By Ethan Walton and Jeff Abramson
The United States remains the largest and growing exporter of major conventional weapons systems, according to an annual survey by the Stockholm International Peace Research Institute (SIPRI).
Although the report’s authors are cautious in predicting the future, their findings appear to show shifts in the global arms trade, in part driven by the war in Ukraine, that will result in more weapons flowing to Europe and a diminished role for Russia in the coming years.
The United States accounted for 40 percent of all major arms exports during 2018–2022, up from 33 percent during 2013–2017, compared to Russia’s 16 percent share, the report said. The report focuses on five-year comparisons and uses its own metrics to standardize values across weapons systems platforms.
Continuing a trend noted in earlier reports, arms imports increased in Europe, rising 47 percent over the period, while global trade declined by roughly 5 percent. Given the many commitments by the United States and countries in the region to replenish weapons stocks that have been transferred to Ukraine, it is logical to expect even higher imports in the future in Europe. (See ACT, April 2022.)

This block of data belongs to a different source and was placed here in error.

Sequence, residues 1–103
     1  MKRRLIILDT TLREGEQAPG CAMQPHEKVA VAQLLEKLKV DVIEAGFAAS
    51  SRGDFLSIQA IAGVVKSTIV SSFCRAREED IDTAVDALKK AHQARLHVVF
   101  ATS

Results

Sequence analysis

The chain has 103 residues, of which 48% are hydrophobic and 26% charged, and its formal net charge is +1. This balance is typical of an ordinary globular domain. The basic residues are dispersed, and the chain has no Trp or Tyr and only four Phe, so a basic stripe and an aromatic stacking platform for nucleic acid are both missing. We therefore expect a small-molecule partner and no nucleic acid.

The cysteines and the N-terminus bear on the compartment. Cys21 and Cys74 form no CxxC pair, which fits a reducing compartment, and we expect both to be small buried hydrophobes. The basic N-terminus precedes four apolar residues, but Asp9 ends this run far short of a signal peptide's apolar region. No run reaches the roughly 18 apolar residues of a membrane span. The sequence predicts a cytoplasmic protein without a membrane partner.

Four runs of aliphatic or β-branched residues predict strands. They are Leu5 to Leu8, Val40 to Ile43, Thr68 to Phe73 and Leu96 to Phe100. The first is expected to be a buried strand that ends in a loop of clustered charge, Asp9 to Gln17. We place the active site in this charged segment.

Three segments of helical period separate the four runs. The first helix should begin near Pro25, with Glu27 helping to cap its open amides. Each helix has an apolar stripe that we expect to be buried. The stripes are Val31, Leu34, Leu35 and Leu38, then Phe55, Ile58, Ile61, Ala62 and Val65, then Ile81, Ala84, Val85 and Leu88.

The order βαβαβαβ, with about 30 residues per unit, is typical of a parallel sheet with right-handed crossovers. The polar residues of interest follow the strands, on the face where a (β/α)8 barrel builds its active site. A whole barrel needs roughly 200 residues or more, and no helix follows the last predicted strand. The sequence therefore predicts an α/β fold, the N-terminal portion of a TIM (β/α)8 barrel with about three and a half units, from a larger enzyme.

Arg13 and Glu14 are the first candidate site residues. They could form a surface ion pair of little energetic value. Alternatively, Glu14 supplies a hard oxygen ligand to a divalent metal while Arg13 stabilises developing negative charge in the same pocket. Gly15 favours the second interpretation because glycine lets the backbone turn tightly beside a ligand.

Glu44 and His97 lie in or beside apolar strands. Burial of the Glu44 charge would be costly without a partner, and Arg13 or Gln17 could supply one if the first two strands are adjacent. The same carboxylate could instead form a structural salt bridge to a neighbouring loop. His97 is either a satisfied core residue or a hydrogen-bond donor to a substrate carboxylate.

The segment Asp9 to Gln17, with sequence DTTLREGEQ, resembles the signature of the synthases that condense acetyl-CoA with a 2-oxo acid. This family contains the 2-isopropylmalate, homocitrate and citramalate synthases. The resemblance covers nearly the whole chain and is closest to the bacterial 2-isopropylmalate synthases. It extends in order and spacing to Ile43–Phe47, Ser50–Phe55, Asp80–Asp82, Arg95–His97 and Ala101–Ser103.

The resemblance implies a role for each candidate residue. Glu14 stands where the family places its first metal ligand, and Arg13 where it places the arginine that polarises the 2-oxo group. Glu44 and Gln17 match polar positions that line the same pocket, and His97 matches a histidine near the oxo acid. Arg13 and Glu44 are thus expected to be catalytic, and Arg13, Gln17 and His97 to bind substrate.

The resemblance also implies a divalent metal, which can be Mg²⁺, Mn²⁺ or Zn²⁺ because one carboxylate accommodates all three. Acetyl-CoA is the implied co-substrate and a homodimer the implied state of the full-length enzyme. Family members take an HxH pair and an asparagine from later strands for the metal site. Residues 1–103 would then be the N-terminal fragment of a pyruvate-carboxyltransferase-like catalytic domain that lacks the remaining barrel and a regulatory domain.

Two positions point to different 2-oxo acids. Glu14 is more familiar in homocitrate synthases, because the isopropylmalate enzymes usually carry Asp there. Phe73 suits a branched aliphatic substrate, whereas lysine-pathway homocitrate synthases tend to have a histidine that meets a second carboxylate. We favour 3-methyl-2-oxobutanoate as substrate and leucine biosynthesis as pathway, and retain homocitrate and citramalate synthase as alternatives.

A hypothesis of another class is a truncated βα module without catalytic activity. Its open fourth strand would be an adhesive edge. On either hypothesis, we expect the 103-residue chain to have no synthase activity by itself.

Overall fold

During a Feb. 16 virtual event hosted by the Forum on the Arms Trade, Pieter Wezeman, a co-author of the report, questioned whether Europe should rapidly rearm given that Russia appears less militarily capable than expected “or whether there are other ways to deal with that Russian threat.”
Ukraine, which in prior years barely registered on the global arms import trade chart, was the third-largest importer of the weapons systems tracked by SIPRI in 2022. Still, the value of its imports was lower than might be expected as the SIPRI approach emphasizes high-value weapons such as fighter jets, which countries supplying Ukraine largely withheld during the reporting period.
But in mid-March, Poland and Slovakia announced plans to provide MiG fighter aircraft to Ukraine, despite concerns that the transfer would escalate the war. Those same concerns had kept Western countries from providing the fighter jets earlier. Whether significantly more fighter jets, including U.S. and European versions not derived from Russian designs, will also be sent to Ukraine is likely to be one of the most watched issues in the arms trade over the coming months.
Since the start of the full-scale Russian invasion of Ukraine in February 2022, the United States has pledged more than $33 billion in security assistance to Ukraine. U.S. President Joe Biden has indicated repeatedly that Washington will stand by Kyiv, but the topic has become more controversial as the 2024 U.S. presidential campaign heats up. In responses to Fox News released March 13, for example, both former President Donald Trump and potential Republican presidential candidate Gov. Ron DeSantis (Fla.) indicated that they are not as supportive of such assistance to Ukraine.